The book provides an extensive overview of objectives and current implementation of Goal 16 of the Sustainable Development Goals in Latin America and Europe. Based on discussions at the GIZ-EIUC conference in Venice of May 2017, the book offers new insights into specifically Goal 16.3 from a Latin American and European perspective. Current challenges to access to justice before the European and the Inter-American Courts of Human Rights as well as common and different challenges to the European and Inter-American Human Rights systems are assessed.
Both in Europe and around the world, 2017 has been another difficult year for the protection of human rights.
Inside Police Custody: An empirical study of suspects´ rights at the investigative stage of the criminal process in Austria
It can be seen from the case-law of the European Court of Human Rights that violations of the rights of accused persons occur in all EU Member States. In addition, the EU has an interest in promoting trust between EU Member States in order to facilitate mutual recognition of judicial decisions. Common minimum standards can contribute to this.
Changing Communities, Changing Policing is a comprehensive collection of contributions by scholars from several scientific disciplines and backgrounds who examine the policing model of community policing from various theoretical and practical angles.
On the occasion of the 25th anniversary of the World Conference on Human Rights held in Vienna in June 1993, the Vienna+25 conference gathered experts from civil society and academia, national, regional and sub-regional human rights institutions as well as representatives from the local level in the Human Rights City of Vienna on 22 and 23 May 2018 to discuss current human rights challenges and elaborate recommendations how to tackle these challenges.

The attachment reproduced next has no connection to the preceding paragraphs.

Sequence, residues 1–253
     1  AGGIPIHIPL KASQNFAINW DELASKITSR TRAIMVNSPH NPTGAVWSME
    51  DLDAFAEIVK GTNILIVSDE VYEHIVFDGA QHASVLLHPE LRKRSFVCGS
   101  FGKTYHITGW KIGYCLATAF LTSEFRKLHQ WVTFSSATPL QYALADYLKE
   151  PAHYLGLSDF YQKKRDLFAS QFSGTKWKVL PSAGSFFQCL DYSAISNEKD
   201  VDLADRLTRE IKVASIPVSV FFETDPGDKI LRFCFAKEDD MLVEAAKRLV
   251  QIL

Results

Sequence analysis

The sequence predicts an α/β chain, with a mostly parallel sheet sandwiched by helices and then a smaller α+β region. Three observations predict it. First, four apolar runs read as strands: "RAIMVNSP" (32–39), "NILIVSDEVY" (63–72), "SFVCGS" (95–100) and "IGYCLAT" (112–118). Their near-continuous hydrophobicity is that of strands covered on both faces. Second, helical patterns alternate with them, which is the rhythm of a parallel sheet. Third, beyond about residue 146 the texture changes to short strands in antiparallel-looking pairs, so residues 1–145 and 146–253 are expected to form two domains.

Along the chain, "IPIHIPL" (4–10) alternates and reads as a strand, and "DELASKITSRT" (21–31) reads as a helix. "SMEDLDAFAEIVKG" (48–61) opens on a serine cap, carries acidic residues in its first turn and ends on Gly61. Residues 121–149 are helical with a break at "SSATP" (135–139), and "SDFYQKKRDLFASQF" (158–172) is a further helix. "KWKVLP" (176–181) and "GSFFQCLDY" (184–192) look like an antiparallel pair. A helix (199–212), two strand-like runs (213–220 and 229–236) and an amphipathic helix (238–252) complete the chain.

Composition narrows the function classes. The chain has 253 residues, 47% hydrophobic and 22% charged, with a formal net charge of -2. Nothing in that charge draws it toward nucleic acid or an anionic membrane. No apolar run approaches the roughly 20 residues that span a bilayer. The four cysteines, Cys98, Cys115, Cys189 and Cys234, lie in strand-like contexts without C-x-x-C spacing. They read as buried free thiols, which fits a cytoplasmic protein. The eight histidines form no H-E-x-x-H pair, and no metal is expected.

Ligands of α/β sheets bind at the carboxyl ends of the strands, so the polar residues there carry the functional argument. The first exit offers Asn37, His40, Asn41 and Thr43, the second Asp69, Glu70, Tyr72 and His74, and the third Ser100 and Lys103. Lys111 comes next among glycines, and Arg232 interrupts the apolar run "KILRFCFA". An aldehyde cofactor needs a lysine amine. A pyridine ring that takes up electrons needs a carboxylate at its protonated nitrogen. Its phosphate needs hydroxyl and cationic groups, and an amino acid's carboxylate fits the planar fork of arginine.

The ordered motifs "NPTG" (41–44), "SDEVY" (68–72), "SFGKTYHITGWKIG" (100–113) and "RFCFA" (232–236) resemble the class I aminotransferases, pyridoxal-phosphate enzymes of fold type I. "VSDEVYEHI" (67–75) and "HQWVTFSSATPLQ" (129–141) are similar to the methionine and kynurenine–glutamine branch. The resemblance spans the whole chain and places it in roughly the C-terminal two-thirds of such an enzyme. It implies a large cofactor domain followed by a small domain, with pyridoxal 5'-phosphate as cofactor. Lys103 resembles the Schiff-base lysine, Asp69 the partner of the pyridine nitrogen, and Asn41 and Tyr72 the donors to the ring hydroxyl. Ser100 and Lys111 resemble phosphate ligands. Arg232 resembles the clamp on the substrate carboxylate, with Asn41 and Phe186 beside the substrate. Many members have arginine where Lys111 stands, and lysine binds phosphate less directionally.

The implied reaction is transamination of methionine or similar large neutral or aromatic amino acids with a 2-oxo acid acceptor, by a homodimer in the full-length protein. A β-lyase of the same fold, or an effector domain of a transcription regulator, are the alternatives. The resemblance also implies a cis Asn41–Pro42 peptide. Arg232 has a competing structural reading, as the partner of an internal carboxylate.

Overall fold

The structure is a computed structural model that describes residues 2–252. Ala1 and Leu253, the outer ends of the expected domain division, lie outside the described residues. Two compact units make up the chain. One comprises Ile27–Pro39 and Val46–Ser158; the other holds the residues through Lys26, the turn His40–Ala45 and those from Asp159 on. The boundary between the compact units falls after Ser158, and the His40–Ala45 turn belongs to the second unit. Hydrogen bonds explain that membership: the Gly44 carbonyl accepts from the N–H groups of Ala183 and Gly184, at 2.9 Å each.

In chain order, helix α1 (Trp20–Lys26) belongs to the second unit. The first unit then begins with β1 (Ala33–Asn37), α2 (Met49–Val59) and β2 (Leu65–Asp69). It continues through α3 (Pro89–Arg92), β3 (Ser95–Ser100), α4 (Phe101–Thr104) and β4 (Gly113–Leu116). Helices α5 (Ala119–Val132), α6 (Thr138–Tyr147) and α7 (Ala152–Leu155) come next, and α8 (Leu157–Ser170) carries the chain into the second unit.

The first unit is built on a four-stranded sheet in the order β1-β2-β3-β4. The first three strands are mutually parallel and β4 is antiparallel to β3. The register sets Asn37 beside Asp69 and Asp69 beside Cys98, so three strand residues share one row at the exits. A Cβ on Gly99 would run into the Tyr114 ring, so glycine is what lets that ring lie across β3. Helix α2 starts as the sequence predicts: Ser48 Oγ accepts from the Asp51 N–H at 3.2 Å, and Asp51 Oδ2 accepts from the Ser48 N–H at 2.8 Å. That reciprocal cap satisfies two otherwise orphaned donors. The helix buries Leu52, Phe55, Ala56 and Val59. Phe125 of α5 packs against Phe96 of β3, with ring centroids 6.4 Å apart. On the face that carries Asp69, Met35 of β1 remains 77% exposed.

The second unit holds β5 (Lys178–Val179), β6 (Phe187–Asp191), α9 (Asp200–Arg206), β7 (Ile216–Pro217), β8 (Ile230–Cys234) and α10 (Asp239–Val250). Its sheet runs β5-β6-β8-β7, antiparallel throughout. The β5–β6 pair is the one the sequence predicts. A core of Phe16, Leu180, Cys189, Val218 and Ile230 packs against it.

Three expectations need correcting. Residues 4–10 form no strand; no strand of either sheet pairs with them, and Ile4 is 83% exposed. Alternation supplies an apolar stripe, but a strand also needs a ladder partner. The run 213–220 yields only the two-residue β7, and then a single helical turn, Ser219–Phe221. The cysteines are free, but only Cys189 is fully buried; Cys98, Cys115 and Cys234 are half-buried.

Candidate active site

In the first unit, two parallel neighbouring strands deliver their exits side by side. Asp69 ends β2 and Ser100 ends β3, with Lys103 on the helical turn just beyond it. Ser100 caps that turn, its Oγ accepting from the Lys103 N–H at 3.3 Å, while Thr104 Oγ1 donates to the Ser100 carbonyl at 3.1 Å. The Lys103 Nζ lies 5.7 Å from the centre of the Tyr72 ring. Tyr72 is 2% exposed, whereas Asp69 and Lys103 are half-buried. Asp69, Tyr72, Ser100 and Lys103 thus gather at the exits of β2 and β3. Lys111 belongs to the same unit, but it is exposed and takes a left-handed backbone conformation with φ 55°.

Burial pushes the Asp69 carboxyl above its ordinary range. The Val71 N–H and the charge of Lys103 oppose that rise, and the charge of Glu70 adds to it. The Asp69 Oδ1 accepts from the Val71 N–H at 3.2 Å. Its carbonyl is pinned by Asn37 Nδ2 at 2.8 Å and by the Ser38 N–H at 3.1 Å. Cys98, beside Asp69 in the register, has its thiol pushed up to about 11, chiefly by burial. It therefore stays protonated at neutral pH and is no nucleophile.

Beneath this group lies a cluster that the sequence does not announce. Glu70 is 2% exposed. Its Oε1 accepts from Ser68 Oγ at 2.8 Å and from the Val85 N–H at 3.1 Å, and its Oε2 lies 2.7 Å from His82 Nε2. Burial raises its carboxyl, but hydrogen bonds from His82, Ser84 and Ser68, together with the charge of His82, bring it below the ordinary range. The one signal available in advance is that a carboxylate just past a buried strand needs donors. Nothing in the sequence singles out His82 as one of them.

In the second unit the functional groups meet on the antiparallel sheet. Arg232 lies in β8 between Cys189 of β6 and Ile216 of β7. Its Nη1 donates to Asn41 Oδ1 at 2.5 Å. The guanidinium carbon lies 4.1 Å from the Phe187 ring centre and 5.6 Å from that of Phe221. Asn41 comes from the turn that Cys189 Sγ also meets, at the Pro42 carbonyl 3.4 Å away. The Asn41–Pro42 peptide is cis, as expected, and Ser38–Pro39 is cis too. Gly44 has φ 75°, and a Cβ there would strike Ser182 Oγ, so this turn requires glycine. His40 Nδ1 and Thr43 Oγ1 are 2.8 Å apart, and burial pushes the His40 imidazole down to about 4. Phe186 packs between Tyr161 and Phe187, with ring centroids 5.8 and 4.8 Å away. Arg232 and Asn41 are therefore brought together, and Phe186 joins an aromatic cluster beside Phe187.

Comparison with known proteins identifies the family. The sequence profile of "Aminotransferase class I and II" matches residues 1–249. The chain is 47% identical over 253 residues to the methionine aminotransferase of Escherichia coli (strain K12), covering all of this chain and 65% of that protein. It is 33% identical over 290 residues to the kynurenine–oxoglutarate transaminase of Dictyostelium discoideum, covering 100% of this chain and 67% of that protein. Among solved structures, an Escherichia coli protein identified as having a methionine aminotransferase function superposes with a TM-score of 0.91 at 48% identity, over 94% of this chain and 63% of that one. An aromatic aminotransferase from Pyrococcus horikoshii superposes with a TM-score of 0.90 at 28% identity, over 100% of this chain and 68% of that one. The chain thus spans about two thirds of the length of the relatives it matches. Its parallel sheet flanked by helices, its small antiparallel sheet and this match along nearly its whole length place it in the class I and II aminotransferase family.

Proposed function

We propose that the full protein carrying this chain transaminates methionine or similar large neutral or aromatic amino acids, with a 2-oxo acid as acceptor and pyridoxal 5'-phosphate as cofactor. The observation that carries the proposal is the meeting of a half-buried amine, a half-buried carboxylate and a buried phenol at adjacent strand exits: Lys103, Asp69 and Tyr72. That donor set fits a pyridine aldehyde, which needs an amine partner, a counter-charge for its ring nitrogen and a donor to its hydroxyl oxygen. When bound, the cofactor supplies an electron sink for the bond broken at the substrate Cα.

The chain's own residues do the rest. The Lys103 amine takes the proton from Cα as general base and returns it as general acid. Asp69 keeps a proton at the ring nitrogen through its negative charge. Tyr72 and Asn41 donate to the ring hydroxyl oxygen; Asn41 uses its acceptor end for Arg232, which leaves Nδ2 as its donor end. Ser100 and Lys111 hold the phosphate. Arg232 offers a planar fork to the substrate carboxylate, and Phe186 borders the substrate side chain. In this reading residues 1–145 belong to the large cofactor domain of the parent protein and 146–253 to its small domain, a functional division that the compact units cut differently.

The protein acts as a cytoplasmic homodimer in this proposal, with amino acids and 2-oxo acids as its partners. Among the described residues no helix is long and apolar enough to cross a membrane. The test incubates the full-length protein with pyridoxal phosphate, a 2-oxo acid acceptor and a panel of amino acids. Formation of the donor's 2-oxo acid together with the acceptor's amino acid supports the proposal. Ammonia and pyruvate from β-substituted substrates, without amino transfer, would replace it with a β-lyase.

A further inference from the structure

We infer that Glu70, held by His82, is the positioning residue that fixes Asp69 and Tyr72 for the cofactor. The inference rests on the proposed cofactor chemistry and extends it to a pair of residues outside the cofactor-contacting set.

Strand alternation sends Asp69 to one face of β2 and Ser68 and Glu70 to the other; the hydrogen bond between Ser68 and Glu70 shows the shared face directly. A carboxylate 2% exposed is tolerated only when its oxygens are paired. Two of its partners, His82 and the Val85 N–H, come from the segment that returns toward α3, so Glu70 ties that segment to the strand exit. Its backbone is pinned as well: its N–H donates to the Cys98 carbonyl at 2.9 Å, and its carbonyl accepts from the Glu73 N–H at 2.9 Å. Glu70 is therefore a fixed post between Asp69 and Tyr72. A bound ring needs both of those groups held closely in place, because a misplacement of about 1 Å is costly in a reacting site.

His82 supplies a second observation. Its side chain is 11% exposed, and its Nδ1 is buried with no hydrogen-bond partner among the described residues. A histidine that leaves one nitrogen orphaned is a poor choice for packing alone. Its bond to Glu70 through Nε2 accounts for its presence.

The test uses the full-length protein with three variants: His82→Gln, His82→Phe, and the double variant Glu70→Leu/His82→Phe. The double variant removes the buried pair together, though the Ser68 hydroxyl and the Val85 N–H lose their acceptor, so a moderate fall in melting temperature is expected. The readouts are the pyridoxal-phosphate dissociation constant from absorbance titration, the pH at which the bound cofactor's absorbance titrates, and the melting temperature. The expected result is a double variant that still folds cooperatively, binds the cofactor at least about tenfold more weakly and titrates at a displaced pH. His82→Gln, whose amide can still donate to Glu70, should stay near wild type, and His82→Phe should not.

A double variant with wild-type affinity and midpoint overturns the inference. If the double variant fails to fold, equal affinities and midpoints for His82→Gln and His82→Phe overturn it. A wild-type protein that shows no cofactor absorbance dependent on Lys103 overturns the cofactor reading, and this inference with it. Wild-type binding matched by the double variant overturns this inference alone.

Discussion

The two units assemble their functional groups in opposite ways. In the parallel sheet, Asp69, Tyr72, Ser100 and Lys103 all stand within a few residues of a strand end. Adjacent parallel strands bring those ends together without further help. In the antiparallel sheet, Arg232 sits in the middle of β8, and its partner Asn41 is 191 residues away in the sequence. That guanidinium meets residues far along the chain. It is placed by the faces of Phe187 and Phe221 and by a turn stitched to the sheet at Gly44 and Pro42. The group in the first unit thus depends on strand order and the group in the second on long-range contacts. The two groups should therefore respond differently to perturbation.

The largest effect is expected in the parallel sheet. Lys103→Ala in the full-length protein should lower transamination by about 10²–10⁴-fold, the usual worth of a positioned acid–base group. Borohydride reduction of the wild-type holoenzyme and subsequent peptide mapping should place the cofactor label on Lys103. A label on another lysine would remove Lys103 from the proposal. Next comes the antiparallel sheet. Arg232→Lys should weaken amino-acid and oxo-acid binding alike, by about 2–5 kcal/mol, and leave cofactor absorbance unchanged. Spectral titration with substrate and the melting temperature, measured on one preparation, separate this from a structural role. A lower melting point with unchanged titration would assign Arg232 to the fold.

In this contribution to the Verfassungsblog, Adel-Naim Reyhani addresses the question of how asylum law discourse should deal with the creative efforts of states to prevent the entry of asylum seekers. He explains why the tension between human rights and the aim of nation-states to shape asylum policy can only be resolved with a clear view of the shortcomings of the international order.
Persons with intellectual and psychosocial disabilities are among the most vulnerable groups of suspects in criminal proceedings. If they come into conflict with the law, they face a particularly high risk of not experiencing a fair trial. In many cases, their vulnerability due to their illness or disability is not identified in due time or not considered. Their procedural rights, particularly their right to information, their right to access a lawyer, and their right to medical assistance, in particular during deprivation of liberty, are often not adequately ensured.
The Handbook “Dignity at Trial”, which was elaborated during a two year pilot research project (2016-2018) assessing the implementation of the EC Recommendation on safeguards for vulnerable persons suspected or accused in criminal proceedings (2013/C 378/02) draws on broader involvement of professional stakeholders and persons with intellectual and/or psychosocial disabilities who have undergone criminal proceedings.
In his six years as the United Nations Special Rapporteur on Torture, Manfred Nowak (BIM) was tasked with reviewing thousands of complaints of torture and detention, investigating facts and circumstances surrounding the global practice of torture, and drawing up recommendations aimed at combating torture. Now, in Torture.